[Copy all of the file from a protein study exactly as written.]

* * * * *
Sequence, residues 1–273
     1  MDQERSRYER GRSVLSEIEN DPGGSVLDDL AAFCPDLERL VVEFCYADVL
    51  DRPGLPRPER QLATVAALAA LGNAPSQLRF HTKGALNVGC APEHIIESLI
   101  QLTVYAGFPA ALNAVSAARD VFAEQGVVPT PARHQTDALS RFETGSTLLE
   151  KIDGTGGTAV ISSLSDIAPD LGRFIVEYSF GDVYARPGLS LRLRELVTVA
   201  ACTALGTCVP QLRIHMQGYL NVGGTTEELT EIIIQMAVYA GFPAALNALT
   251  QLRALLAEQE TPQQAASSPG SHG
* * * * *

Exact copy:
Sequence, residues 1–273
     1  MDQERSRYER GRSVLSEIEN DPGGSVLDDL AAFCPDLERL VVEFCYADVL
    51  DRPGLPRPER QLATVAALAA LGNAPSQLRF HTKGALNVGC APEHIIESLI
   101  QLTVYAGFPA ALNAVSAARD VFAEQGVVPT PARHQTDALS RFETGSTLLE
   151  KIDGTGGTAV ISSLSDIAPD LGRFIVEYSF GDVYARPGLS LRLRELVTVA
   201  ACTALGTCVP QLRIHMQGYL NVGGTTEELT EIIIQMAVYA GFPAALNALT
   251  QLRALLAEQE TPQQAASSPG SHG